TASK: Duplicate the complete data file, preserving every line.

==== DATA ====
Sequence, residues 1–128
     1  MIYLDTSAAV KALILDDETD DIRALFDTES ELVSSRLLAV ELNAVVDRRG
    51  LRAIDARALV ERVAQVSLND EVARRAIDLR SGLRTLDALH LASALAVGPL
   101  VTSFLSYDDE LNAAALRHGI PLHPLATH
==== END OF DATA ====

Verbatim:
Sequence, residues 1–128
     1  MIYLDTSAAV KALILDDETD DIRALFDTES ELVSSRLLAV ELNAVVDRRG
    51  LRAIDARALV ERVAQVSLND EVARRAIDLR SGLRTLDALH LASALAVGPL
   101  VTSFLSYDDE LNAAALRHGI PLHPLATH